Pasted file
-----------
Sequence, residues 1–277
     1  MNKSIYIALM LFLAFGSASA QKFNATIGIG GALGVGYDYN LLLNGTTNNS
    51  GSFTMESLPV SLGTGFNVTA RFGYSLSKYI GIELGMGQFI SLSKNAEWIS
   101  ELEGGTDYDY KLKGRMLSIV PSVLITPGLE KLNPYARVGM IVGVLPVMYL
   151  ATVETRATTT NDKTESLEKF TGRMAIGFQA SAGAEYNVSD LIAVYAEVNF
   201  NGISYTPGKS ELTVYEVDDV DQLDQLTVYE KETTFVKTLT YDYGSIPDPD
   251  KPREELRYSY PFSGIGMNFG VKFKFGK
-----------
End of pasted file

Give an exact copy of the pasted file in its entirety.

Sequence, residues 1–277
     1  MNKSIYIALM LFLAFGSASA QKFNATIGIG GALGVGYDYN LLLNGTTNNS
    51  GSFTMESLPV SLGTGFNVTA RFGYSLSKYI GIELGMGQFI SLSKNAEWIS
   101  ELEGGTDYDY KLKGRMLSIV PSVLITPGLE KLNPYARVGM IVGVLPVMYL
   151  ATVETRATTT NDKTESLEKF TGRMAIGFQA SAGAEYNVSD LIAVYAEVNF
   201  NGISYTPGKS ELTVYEVDDV DQLDQLTVYE KETTFVKTLT YDYGSIPDPD
   251  KPREELRYSY PFSGIGMNFG VKFKFGK